“Early next month, members of the Florida Fish and Wildlife Conservation Commission (FFWCC), a seven-member panel appointed by the governor, will consider whether reinstating a bear-hunting season after a 20-year absence can help address the growing number of bear-human conflicts throughout the state. A story from the Sun Sentinel says the FFWCC expects the notion to be controversial, especially because the move for public safety and wildlife management involves an animal that stirs sentiment from both hunters and non-hunters. If the hunt gets a thumbs up, discussion of how many permits to issue and location of hunting boundaries will take place in April.”<<<Read More>>>


“Bear Populations Are Very Hard To Manage”

A former New Hampshire conservation officer recently said:

Bear populations are very hard to manage with just casual take by hunters on foot. In fact it can’t be done. Truth be known, trapping (often with live traps to allow release of females with cubs), allowing hunters to use bait and using hounds to tree the bears are the most efficient and actually more humane ways to keep bear populations within the carrying capacities of their environment.

And here is a typical statement made by those who actually hunt bears in the woods and not fall in love with them from their Washington, D.C. air conditioned offices:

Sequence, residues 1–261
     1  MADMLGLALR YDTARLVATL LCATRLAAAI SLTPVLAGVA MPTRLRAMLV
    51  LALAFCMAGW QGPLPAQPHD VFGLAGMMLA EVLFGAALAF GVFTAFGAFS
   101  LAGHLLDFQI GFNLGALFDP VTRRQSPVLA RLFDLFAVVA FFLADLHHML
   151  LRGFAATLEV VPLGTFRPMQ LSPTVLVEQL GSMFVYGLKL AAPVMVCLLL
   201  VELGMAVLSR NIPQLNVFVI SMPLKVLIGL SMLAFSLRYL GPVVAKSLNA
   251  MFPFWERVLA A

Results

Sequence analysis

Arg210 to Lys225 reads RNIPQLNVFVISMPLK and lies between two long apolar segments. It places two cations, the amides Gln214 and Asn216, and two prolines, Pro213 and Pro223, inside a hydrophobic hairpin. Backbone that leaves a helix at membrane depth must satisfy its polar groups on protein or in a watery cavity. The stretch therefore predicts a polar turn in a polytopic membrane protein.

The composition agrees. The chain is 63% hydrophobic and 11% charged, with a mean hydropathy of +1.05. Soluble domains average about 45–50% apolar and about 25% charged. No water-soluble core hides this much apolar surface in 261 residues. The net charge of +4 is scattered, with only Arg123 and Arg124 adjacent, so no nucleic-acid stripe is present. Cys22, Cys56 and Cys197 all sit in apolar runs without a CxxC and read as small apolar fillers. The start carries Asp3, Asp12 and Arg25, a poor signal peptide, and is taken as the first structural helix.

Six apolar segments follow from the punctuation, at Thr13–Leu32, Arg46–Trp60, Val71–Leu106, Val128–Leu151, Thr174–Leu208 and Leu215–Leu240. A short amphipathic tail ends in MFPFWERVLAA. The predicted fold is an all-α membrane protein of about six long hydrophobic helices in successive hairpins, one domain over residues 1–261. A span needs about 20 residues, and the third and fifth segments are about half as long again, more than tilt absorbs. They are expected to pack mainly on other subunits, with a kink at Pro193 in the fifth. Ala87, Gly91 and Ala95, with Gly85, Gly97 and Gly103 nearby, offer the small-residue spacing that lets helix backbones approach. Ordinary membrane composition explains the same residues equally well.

A friend of mine has spent 5 decades hunting in Maine. He bow hunts. He hunts with guns. He hunts before work and after work. He hunts weekends. He takes his vacations during hunting seasons. He gets deer every year. He hunts rabbits with his beagle. He bird hunts. He’s hunted moose many times. He hunts all over the State. Some would say he is obsessed with hunting. He shot 2 turkey just this morning…..He told me in all those years, only 2 times has he a legit chance to shoot a bear. This “fair chase” bear stuff wont cut it.

In Maryland, a four-day bear hunting season just closed with harvest numbers disappointingly lower than was hoped for. 1,061 bear hunters checked 69 bears; about a 7% success rate. (Bear populations are hard to manage.)

One the first day of the bear hunting season, law enforcement handed out 6 hunting violations – all for hunting with bait. I wonder why they needed bait?


Maine IFW Talks With Other States That Have Banned Bear Baiting

Press Release from the Maine Department of Inland Fisheries and Wildlife:

October 9, 2014